Federal employees are prevented from hiring their family members, and instead all job applicants are evaluated on purely merit-based criteria. But an investigation found officials in an office at the Department of Justice were engaging in rampant nepotism.
Eight Justice Department officials illegally hired or encouraged others to hire their relatives into positions within the department, internal investigators concluded in a report that found nepotism common inside the government's primary law enforcement agency.
Thursday's report is not the first time the department's Justice Management Division has faced scrutiny by the department's inspector general. Reports in 2004 and 2008 accused the office of a lack of "ethical standards" when it came to some hiring practices, and encouraged the implementation of a zero-tolerance policy for nepotism in the future.
But investigators found several instances of managers continuing to hire each other's relatives, including an assistant director hiring the daughter of a deputy director. In exchange, the deputy director hired the brother of the assistant director. Another woman "undertook a sustained campaign" to get someone within the department to hire her daughter, including altering hiring notices to make them more suited for her child, the inspector general found.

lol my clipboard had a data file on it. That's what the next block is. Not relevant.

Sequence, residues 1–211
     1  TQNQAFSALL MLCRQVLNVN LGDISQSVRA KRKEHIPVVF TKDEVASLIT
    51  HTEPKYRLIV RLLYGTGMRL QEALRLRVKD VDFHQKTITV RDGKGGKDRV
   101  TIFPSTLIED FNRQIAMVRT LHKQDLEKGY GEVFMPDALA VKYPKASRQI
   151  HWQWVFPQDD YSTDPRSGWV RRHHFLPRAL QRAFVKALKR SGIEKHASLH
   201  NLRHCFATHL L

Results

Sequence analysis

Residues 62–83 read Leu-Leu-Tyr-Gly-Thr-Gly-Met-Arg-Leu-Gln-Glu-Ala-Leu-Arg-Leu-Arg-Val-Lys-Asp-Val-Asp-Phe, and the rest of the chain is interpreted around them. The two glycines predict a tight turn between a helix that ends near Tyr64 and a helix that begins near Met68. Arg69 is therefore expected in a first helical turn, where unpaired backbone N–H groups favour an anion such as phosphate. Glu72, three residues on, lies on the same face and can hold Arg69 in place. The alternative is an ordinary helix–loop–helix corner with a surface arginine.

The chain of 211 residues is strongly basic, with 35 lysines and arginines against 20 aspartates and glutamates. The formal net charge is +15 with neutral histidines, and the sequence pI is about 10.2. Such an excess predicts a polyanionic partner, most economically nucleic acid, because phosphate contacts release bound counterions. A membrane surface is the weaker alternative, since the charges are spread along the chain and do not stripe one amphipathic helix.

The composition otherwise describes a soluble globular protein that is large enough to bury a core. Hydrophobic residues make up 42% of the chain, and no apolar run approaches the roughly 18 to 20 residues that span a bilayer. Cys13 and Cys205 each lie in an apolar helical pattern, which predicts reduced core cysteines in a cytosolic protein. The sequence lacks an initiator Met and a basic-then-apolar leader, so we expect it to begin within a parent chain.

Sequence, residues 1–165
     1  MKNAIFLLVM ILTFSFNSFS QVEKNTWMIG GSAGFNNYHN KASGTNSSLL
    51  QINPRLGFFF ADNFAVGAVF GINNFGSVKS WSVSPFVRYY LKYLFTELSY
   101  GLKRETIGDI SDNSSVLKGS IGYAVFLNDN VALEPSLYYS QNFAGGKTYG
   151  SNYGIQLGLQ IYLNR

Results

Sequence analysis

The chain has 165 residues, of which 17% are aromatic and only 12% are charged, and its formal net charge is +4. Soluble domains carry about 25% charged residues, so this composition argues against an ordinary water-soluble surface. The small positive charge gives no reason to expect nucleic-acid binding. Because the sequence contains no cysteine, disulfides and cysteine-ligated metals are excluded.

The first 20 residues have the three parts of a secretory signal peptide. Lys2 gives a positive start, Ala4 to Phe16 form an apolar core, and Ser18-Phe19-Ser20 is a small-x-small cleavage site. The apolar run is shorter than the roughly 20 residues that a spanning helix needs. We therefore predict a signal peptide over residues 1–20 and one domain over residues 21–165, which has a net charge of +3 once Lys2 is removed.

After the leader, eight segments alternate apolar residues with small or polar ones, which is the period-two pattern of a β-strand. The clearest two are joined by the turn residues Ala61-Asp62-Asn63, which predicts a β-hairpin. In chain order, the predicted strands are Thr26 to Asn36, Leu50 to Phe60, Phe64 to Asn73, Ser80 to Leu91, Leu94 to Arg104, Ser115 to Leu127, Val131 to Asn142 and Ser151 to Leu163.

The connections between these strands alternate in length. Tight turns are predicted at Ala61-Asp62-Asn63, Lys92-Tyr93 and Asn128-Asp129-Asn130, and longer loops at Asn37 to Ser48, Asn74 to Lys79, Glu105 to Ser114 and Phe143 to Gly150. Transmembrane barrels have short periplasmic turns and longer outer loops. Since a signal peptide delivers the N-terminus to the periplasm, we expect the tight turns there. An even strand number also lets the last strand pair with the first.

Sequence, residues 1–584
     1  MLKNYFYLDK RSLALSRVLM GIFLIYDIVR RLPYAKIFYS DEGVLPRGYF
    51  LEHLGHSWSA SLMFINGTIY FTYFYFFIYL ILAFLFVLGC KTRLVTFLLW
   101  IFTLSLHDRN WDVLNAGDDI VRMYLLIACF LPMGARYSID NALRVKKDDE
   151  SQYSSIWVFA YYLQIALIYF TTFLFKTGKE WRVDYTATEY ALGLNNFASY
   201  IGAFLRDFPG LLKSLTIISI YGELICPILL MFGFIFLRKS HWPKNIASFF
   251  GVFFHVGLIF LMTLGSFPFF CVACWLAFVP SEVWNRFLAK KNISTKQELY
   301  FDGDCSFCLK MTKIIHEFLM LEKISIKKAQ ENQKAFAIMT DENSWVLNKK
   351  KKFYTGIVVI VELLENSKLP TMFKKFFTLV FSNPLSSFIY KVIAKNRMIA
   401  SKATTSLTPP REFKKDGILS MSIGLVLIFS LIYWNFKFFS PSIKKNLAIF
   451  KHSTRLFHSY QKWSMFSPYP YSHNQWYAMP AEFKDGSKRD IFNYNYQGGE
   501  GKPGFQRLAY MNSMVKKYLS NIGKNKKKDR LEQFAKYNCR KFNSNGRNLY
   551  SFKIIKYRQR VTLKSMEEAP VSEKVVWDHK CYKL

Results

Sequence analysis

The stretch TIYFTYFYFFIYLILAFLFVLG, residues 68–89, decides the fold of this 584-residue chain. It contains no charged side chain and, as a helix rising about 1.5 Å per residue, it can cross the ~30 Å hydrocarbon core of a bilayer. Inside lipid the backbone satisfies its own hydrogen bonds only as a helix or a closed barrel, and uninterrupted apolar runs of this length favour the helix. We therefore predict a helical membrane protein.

And the investigators determined that most of the individuals lied in an attempt to cover up the hirings.
“The department takes seriously the findings in this report, and we are moving immediately to address the report’s findings,” said Gina Talamona, a Justice Department spokeswoman, in an interview with The Washington Post.
The nepotism happened under the watch of Mari Barr Santangelo, the Deputy Assistant Attorney General for Human Resources and Administration. Although the investigation found no wrongdoing on the part of Santangelo herself, the inspector general scolded her for not responding to indicators there was rampant cronyism in the division. Following the 2008 report, Santangelo had promised "absolute adherence" to hiring standards, the report said.
The inspector general's office only got wind of the most recent round of hiring when a former DOJ employee revealed concerns to Rep. Frank Wolf, R-Va.
The nepotism doesn't stop at the eight officials, however. The study found it was not unusual for friends and relatives of JMD employees to be hired as clerks and interns.
The Department of Justice is the government's law enforcement agency, and contains such groups as the FBI and the DEA.
The Justice Management Division is the DOJ's management and operations arm, containing offices like human resources and budget.
"Nepotism" or "cronyism" are names given to the practice of hiring close friends or family members.
The Inspector General is an independent watchdog office within each government agency tasked with investigating wrongdoing.